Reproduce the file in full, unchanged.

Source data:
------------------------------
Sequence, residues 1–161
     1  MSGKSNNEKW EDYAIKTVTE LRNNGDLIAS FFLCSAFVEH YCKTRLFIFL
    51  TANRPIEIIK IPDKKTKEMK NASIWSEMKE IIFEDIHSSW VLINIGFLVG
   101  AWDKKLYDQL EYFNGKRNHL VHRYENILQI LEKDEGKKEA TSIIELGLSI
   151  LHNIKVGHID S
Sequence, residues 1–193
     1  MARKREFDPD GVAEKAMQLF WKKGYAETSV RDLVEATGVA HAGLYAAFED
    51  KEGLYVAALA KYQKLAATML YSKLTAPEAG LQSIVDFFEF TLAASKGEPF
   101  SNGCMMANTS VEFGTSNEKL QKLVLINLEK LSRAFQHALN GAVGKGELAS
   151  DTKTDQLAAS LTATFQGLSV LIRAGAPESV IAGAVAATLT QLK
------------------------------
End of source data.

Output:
Sequence, residues 1–161
     1  MSGKSNNEKW EDYAIKTVTE LRNNGDLIAS FFLCSAFVEH YCKTRLFIFL
    51  TANRPIEIIK IPDKKTKEMK NASIWSEMKE IIFEDIHSSW VLINIGFLVG
   101  AWDKKLYDQL EYFNGKRNHL VHRYENILQI LEKDEGKKEA TSIIELGLSI
   151  LHNIKVGHID S
Sequence, residues 1–193
     1  MARKREFDPD GVAEKAMQLF WKKGYAETSV RDLVEATGVA HAGLYAAFED
    51  KEGLYVAALA KYQKLAATML YSKLTAPEAG LQSIVDFFEF TLAASKGEPF
   101  SNGCMMANTS VEFGTSNEKL QKLVLINLEK LSRAFQHALN GAVGKGELAS
   151  DTKTDQLAAS LTATFQGLSV LIRAGAPESV IAGAVAATLT QLK